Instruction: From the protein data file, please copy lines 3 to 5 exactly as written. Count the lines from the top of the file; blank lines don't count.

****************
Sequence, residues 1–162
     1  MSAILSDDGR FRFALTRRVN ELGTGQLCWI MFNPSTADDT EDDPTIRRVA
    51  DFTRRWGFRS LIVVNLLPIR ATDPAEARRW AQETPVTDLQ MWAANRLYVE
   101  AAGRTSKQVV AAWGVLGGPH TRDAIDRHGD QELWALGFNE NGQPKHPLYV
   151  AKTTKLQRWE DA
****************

    51  DFTRRWGFRS LIVVNLLPIR ATDPAEARRW AQETPVTDLQ MWAANRLYVE
   101  AAGRTSKQVV AAWGVLGGPH TRDAIDRHGD QELWALGFNE NGQPKHPLYV
   151  AKTTKLQRWE DA